BE EMPOWERED — RETIRE WITH CONFIDENCE
Be aware of fraud scams. If you’re already on Medicare, keep in mind that Medicare’s Open Enrollment Period, which runs from October 15 through December 7, is a prime time for scammers. Open Enrollment is the only time during the year when you can change your prescription drug plan (Part D), or switch from a Medicare Advantage plan (Part C) to Original Medicare with a Medicare Supplement plan.
To avoid being scammed or having your identity stolen, remember:
- Never give your Medicare number to anyone over the phone or through email. Phone calls and emails from scammers pretending to be from the Centers for Medicare & Medicaid Services are common. They even have ways to make it appear as if their call is coming from Medicare on your caller ID. Their goal is to convince you to give them your Medicare number. In reality, Medicare will never call or email and ask for your number.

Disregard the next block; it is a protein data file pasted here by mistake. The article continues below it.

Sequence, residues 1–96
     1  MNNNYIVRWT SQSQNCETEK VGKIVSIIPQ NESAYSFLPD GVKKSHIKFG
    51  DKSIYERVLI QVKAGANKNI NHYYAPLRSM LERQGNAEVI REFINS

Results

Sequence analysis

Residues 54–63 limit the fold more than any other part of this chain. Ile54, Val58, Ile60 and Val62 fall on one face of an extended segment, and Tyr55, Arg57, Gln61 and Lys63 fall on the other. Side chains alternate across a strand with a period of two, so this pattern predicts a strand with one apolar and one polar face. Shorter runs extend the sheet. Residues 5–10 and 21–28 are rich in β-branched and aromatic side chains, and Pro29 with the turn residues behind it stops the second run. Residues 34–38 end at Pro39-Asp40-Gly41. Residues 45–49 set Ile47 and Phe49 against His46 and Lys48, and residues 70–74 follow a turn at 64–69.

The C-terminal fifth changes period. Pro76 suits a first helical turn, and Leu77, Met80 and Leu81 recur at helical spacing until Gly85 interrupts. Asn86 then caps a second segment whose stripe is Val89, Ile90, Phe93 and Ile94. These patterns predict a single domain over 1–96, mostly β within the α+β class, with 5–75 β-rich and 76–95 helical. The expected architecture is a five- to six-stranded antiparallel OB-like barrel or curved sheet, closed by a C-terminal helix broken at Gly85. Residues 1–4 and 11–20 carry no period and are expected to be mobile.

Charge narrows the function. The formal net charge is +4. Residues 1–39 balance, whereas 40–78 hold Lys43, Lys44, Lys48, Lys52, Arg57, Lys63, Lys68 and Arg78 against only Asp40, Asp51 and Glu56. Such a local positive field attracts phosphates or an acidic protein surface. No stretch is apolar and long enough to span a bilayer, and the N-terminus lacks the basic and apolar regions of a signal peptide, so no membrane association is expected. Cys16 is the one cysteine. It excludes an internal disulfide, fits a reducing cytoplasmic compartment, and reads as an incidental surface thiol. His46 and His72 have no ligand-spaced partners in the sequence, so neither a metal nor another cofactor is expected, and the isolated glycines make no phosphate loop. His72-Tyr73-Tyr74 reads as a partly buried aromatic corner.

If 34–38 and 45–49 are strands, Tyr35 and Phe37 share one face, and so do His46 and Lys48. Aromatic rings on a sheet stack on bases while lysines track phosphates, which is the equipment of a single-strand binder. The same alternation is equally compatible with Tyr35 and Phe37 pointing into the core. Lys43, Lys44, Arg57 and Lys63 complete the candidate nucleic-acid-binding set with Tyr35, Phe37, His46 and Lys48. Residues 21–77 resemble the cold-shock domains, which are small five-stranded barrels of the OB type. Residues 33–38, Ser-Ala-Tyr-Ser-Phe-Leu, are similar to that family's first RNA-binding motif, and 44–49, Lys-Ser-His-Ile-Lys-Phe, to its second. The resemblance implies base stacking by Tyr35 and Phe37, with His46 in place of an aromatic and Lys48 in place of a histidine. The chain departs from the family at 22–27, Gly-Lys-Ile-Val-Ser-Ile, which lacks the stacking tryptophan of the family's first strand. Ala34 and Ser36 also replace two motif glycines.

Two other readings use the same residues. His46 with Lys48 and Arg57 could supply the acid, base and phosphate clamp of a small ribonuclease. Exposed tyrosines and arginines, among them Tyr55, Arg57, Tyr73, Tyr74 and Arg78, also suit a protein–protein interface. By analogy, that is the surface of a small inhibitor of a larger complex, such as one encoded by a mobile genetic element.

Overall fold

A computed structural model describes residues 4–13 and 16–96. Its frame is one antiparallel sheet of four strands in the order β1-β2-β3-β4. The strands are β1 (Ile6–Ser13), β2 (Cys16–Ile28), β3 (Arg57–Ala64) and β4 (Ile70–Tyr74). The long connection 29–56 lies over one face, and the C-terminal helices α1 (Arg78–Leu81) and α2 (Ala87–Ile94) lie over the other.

- If you decide to go with a Medicare Supplement plan, make sure you have a trusted insurance professional who can help you find the best option for you. Unfortunately, some scammers take advantage of the fact that Medicare’s Open Enrollment Period overlaps with open enrollment for the state-based health insurance marketplaces that are part of the Affordable Care Act. They try to convince Medicare recipients to enroll in purported supplemental plans through these exchanges.
The fact is, if you’re already covered by Medicare, it is illegal for someone to try to sell you coverage through the health insurance marketplaces.
Source: “How to spot, avoid Medicare open-enrollment scams,” by Steve Weisman, usatoday.com, November 5, 2016